Developing a drug to treat Alzheimers disease in Down syndrome patients
When a baby is born, each cell in his or her body contains 23 pairs of chromosomes or 46 chromosomes in total, with half coming from each parent. At least, this is the case most of the time.
Yet, the biological machinery responsible for assuring proper chromosome distribution sometimes go awry. This can result in a range of serious genetic diseases, the most common of which is Down syndrome. In this case, an extra copy of chromosome 21 is inherited from one parent. The condition is also known as Trisomy 21.
In addition to an array of physical abnormalities, virtually all Down syndrome patients develop Alzheimer’s disease, usually between the ages of 40 and 50. There are no available treatments to prevent or mitigate the progression to Alzheimer’s disease for these individuals.
Now, researchers have developed a drug they hope may successfully block the development or advancement of Alzheimer’s disease in Down syndrome patients. The drug acts by decreasing the levels of Dyrk1a, a particular type of enzyme known as a kinase, which is overexpressed in Down syndrome patients.
Research on the drug, known as DYR533, was conducted at the the University of Arizona R. Ken Coit College of Pharmacy and BIO5 Institute, in partnership with the Biodesign Institute in Phoenix.
“Generating a completely original small molecule drug and bringing it from bench to bedside, in particular for central nervous system indications, is a significant achievement in terms of innovation and perseverance,” said co-inventor Christopher Hulme, a professor in the Coit College of Pharmacy’s Department of Pharmacology and Toxicology and a member of the BIO5 Institute. “The group is poised to complete pre-clinical development by 2025 when we look forward to human trials in patients with Down syndrome and Alzheimer’s disease.”
Hulme and Arizona State University researcher Travis Dunckley founded a startup company to push the new drug through additional studies and develop it for human use. The company, Iluminos Therapeutics, LLC, has received a three-year, $3.5 million federal Small Business Technology Transfer grant to test the latest iteration of the drug to prove it ready for clinical trials.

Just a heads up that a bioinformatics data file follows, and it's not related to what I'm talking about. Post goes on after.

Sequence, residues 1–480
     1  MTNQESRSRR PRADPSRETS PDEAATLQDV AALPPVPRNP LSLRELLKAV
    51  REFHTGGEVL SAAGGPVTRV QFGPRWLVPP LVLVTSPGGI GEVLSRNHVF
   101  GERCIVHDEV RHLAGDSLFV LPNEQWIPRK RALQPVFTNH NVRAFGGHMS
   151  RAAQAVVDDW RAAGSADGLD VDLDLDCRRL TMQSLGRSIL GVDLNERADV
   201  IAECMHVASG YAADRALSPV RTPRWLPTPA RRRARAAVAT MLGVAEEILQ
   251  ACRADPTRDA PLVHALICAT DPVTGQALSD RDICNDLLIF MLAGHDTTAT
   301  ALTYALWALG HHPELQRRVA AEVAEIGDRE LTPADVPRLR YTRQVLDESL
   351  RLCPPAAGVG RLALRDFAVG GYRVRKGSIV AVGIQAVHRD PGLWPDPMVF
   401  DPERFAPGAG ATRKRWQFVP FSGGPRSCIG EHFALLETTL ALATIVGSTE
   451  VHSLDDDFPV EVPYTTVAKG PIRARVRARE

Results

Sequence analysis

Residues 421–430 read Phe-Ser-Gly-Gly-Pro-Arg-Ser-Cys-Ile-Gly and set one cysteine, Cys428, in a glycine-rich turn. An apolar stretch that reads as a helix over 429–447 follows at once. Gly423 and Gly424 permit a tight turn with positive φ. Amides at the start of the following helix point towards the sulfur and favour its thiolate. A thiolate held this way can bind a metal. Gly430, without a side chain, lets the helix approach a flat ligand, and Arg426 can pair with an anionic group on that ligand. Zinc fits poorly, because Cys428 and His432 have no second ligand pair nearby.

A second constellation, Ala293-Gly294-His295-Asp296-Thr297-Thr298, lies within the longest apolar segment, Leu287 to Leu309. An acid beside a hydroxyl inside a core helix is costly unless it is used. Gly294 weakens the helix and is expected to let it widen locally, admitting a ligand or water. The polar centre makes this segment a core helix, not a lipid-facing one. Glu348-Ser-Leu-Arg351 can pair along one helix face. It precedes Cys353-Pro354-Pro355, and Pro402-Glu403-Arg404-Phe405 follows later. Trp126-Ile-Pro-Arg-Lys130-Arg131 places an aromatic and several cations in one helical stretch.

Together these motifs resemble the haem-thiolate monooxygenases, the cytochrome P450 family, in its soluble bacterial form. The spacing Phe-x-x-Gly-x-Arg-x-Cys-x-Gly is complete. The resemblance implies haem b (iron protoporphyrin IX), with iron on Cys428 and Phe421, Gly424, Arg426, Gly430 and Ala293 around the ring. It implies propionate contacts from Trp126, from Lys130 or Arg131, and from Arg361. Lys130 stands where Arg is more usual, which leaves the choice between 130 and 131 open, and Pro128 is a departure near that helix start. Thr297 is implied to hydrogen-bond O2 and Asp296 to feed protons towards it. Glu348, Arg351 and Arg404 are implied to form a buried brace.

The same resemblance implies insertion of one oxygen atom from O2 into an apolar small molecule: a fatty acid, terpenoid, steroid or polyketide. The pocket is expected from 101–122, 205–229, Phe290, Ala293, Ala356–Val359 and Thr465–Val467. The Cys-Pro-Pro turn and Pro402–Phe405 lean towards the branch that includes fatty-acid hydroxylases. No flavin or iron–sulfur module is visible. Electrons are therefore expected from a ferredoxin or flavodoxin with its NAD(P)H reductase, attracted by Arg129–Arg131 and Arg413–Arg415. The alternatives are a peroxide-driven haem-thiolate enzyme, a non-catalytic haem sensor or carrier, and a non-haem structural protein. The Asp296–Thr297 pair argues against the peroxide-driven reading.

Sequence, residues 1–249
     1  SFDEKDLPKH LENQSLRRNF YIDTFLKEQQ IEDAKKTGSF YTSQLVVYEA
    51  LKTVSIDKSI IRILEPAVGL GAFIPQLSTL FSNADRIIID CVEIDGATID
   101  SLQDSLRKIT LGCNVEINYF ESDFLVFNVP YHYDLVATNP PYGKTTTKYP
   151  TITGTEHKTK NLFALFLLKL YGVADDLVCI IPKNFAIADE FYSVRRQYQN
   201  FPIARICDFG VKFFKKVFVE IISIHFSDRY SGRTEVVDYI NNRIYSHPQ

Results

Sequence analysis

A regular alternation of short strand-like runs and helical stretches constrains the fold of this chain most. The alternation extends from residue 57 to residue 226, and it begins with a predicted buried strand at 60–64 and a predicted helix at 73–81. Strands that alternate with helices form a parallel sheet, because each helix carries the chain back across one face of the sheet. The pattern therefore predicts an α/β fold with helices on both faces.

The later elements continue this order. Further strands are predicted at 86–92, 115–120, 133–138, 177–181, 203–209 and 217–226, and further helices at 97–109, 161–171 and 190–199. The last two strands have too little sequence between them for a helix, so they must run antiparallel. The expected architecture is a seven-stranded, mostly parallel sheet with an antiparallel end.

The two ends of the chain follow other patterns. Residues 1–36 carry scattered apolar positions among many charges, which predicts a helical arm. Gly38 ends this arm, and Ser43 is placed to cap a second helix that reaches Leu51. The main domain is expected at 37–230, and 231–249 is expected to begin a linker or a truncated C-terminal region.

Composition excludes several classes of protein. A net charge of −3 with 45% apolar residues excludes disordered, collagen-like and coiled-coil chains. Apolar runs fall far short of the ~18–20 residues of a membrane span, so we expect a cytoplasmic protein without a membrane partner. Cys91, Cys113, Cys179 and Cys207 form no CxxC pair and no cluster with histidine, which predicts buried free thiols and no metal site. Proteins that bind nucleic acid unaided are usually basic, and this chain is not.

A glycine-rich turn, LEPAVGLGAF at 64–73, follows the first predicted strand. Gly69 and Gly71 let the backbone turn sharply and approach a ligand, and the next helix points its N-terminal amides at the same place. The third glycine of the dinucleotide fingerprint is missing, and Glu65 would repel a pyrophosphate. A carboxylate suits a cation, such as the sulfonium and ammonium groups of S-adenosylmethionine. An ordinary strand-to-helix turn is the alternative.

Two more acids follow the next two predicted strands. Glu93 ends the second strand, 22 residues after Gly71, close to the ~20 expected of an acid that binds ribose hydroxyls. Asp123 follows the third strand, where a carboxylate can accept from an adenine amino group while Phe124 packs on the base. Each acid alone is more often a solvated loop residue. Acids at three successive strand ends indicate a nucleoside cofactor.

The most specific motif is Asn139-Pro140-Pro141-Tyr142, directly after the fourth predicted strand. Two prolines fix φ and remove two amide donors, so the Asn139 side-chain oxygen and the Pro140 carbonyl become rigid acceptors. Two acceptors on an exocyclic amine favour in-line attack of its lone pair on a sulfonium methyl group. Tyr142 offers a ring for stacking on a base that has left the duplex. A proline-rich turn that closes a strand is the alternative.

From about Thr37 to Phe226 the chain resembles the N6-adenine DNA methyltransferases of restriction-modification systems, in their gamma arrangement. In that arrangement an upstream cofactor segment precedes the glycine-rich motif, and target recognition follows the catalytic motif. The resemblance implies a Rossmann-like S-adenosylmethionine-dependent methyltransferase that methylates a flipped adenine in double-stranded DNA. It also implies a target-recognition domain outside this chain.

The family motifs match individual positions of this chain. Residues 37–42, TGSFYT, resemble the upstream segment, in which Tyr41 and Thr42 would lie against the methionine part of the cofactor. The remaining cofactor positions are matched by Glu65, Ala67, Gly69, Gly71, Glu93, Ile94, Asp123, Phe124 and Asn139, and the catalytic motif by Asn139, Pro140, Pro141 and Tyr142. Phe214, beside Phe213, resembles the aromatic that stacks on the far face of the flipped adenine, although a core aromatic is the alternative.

The grant comes from the National Institutes of Health Small Business Programs, also known as America’s Seed Fund.
If successful, the drug will be a medical milestone for those with Down Syndrome. It also may represent a new approach to the treatment of late onset Alzheimer’s disease, the most common form of dementia in the general population. The methodology may eventually be applied to other neurodegenerative diseases as well.
One step closer to real-world impact
The design of the new drug was completed over a 10-year period by Hulme, an industry trained medicinal chemist with expertise in developing drugs that inhibit the function of kinases.
Kinases are important regulatory enzymes in the body, which add chemicals known as phosphates to other proteins. This process of phosphorylation is critical to many life processes, playing a vital role in embryonic development. In Down syndrome, however, an over-phosphorylation of critical proteins can induce classic hallmarks of Alzheimer’s disease.
Hulme co-invented drug compound DYR533 with Travis Dunckley, research professor at the ASU-Banner Neurodegenerative Disease Research Center and a UArizona alumnus, and Christopher Foley, a former graduate student in the UArizona Department of Chemistry and Biochemistry.
By using small molecules that help inhibit the DYRK1A kinase, the researchers have demonstrated that their unique compound dramatically slows the onset of Alzheimer’s disease pathology in animal models of the disease.
To bring the potential drug candidate a step closer to having real-world impact for patients, the team worked with Tech Launch Arizona, the UArizona office of that commercializes inventions stemming from academic research, to patent the invention on behalf of the university. The inventing team then worked with TLA to launch Iluminos and license the technology to the startup in 2017.
“This is a huge accomplishment for the Iluminos team,” said Bruce Burgess, TLA director of venture development. “Being awarded an STTR grant is a signal that this technology and this startup team are on the right path and well on their way to advancing a technology that would provide significant benefit to patients suffering from neurodegenerative disease.”
Because the new drug targets multiple pathways of neurodegeneration, it could potentially be much more beneficial than existing drug therapies, which typically target just one symptom, often after Alzheimer’s disease has already irreparably ravaged the brain.
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